There are those of us that savour, and there are those of us that over-indulge and eat six Creme Eggs in one day. Whatever your style, and trust me there’s no judgement here, across the country consumers’ hoards of Easter eggs are starting to diminish.

According to recent studies, Brits were set to spend over £1.1 billion on chocolate, gifts and entertainment over the Easter period, an average of £30.41 each – that’s a lot of Easter eggs. As UK consumers splurge more and more each year (the average spend increased by 24% compared to 2018), we have to question whether the true meaning behind our national holidays is being devalued by the rise of commercialisation.

It seems that nowadays practically everything has been commercialised in some way, shape or form. Despite serving as a great reminder to send your mother flowers, the supermarket displays conveniently placed throughout stores offer unlimited temptation to boost consumer spend throughout the year, often well in advance of the actual event. Christmas, New Years, Valentine’s Day, Mother’s Day, Easter, Father’s Day, Halloween…seemingly unavoidable and inescapable spending opportunities. But what about the origins of these notable days? Is there a compromise to be had between brands’ commercial profit, and engaging users through sentimental value?

I believe there is, and I think brands are increasingly beginning to realise the relationships they can build with consumers by incorporating personal values into their marketing efforts.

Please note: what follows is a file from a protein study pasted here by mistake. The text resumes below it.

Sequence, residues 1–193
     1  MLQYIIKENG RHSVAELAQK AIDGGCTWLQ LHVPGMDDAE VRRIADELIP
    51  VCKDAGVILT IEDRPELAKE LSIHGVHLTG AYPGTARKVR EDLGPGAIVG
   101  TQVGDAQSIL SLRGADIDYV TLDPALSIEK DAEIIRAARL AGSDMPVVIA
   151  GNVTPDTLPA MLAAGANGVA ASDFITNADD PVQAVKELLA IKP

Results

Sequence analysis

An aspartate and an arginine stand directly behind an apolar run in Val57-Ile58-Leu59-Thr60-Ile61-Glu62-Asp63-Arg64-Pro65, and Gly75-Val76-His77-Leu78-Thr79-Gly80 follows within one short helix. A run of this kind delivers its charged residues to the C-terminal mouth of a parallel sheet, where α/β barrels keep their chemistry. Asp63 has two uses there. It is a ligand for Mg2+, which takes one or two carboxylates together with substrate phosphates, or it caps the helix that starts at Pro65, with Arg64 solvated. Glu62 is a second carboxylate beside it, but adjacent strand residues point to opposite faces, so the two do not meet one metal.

Millennial purchasing power is also a growing consideration for brands, and a key driver behind the movement towards more genuine, socially aware content. According to a study by Cone Communications, 91% of millennials surveyed would change their purchasing decision to support a brand seen to be supporting or representing a social cause. While some may take a more extreme stance, such as Iceland’s integration with Greenpeace on their 2018 Christmas campaign against palm oil production, or John Lewis’ renowned ‘Man on the Moon’ campaign with Age UK; Easter presents a more subtle opportunity for brands to communicate their core values and engage with consumers on an emotional level.

Last year, chocolate giants Nestlé diverted attention away from their vast range of gifts with an Alice in Wonderland style ad with the message ‘Life makes us grow up; Easter brings us back’. The thoughtful piece set to bring consumers back to the real reason that we come together at Easter: family.

In a similar fashion, this Easter we saw M&S bring back their iconic ‘this is not just food’ strapline, adding a humorous twist that re-positions the food brand to appeal to a less premium, family-orientated audience. One scene sees a mother enticing her son home with the promise of M&S lamb, perfectly entwining the brand with Easter’s traditional family values in a situation that parents and offspring alike can relate to. While the brand’s reintroduction of the 2014 tagline is no doubt hoping to re-create the previous success of the high street chain, which saw sales of their classic chocolate pudding rise by 3500%, the integrated launch around the Easter period demonstrates the compromise between inflating sales and engaging with users in their daily lives through the things that matter most to them.

So, what’s next on the agenda for retailers across the country? Fathers’ day is fast approaching, and with consumers becoming more involved, and spending more each year, there is potential for brands to boost mid-year sales – particularly those specialising in ties, beer and socks. But, how many will take the opportunity to resonate with consumers on a personal level? How many will focus their marketing on celebrating and appreciating dads? And how many will just maximise sales targets?

Rebekah Shaw - Display & Programmatic Account Executive

Author: Rebekah Shaw - Display & Programmatic Account Executive

Rebekah joined our Dispro team late last year after graduating from Northumbria University where she studied Marketing Management. In her spare time, Rebekah volunteers with the Riding for the Disabled Association and aims to travel to as many places as possible.